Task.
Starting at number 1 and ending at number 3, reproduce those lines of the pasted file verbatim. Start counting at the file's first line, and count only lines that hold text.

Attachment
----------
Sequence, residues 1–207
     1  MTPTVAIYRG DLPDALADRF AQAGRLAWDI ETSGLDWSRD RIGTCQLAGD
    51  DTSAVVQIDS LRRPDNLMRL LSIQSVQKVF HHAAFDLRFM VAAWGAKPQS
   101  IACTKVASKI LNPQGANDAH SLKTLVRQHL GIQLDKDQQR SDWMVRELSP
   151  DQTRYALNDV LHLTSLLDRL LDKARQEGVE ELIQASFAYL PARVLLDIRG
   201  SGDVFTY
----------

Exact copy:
Sequence, residues 1–207
     1  MTPTVAIYRG DLPDALADRF AQAGRLAWDI ETSGLDWSRD RIGTCQLAGD
    51  DTSAVVQIDS LRRPDNLMRL LSIQSVQKVF HHAAFDLRFM VAAWGAKPQS